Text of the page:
Dendritic cell podosomes are protrusive and invade the extracellular matrix using metalloproteinase MMP-14

Christian Gawden-Bone, Zhongjun Zhou, Emma King, Alan Prescott, Colin Watts, John Lucocq

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    96 Citations (Scopus)

    Abstract

    Podosomes are spot-like actin-rich structures formed at the ventral surface of monocytic and haematopoietic cells. Podosomes degrade extracellular matrix and are proposed to be involved in cell migration. A key question is whether podosomes form protrusions similar to the invadopodia of cancer cells. We characterised podosomes of immature dendritic cells using electron microscopy combined with both conventional and novel high-resolution structured illumination light microscopy. Dendritic cell podosomes are composed of actin foci surrounded by a specialised ring region that is rich in material containing paxillin. We found that podosomes were preferential sites for protrusion into polycarbonate filters impregnated with crosslinked gelatin, degrading up to 2 mm of matrix in 24 hours. Podosome-associated uptake of colloidal gold-labelled gelatin matrix appeared to occur via large phagosome-like structures or narrow tubular invaginations. The motor protein myosin-II was excluded from ring or core regions but was concentrated around them and the myosin-II inhibitor Blebbistatin reduced the length of podosome protrusions. Finally, we found that degradation, protrusion and endocytosis in this system are dependent on the matrix metalloproteinase MMP-14. We propose that podosomes mediate migration of dendritic cells through tissues by means of myosin-II-dependent protrusion coupled to MMP-14-dependent degradation and endocytosis.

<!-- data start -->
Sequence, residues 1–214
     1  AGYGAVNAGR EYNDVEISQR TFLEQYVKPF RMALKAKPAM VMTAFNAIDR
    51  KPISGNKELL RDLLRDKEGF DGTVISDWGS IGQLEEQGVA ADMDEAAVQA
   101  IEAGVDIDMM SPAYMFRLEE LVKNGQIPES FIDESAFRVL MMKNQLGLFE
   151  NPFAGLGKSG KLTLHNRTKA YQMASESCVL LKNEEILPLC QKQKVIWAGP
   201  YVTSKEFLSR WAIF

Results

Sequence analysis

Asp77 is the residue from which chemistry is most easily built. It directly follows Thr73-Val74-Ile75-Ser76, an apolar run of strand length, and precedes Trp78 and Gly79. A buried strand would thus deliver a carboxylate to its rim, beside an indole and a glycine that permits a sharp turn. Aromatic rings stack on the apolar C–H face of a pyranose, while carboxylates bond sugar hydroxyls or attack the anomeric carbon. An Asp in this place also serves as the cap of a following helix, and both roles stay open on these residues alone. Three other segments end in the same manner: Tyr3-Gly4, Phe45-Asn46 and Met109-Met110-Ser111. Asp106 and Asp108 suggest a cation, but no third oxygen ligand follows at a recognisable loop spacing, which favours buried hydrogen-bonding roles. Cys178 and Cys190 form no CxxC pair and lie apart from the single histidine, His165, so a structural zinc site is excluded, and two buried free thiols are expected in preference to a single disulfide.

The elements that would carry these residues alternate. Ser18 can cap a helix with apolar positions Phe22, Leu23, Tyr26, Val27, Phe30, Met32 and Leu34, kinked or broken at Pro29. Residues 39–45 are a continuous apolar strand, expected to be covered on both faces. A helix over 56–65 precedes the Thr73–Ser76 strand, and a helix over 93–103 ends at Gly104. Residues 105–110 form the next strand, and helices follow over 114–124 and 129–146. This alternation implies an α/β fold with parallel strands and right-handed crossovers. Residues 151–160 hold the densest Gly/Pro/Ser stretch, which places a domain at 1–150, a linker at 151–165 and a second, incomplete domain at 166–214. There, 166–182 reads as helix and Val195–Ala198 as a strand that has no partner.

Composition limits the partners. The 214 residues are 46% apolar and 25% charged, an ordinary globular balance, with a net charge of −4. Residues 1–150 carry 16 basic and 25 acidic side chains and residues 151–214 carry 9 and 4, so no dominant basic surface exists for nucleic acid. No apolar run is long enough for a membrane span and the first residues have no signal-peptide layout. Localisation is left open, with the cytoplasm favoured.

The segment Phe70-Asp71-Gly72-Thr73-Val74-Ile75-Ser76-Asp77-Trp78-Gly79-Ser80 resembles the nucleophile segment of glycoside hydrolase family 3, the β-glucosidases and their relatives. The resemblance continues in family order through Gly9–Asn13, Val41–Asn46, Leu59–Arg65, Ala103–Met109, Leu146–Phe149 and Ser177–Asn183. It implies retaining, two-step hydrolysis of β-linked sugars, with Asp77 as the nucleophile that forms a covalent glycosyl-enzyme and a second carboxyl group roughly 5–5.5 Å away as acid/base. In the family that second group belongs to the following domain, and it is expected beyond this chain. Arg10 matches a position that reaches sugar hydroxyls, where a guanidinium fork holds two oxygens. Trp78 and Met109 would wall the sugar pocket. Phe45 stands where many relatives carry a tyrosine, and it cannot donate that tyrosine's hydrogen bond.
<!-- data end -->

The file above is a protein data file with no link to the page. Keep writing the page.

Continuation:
Original languageEnglish
    Pages (from-to)1427-1437
    Number of pages11
    JournalJournal of Cell Science
    Volume123
    Issue number9
    DOIs
    Publication statusPublished - 1 May 2010

    Keywords

    • Podosome
    • Electron microscopy
    • Quantification
    • 3-DIMENSIONAL COLLAGEN MATRICES
    • VIRUS-TRANSFORMED FIBROBLASTS
    • STRUCTURED ILLUMINATION
    • MEMBRANE INTERACTIONS
    • CULTURED OSTEOCLASTS
    • ADHESION STRUCTURES
    • FOCAL ADHESIONS
    • INVASIVE CELLS
    • INVADOPODIA
    • DEGRADATION

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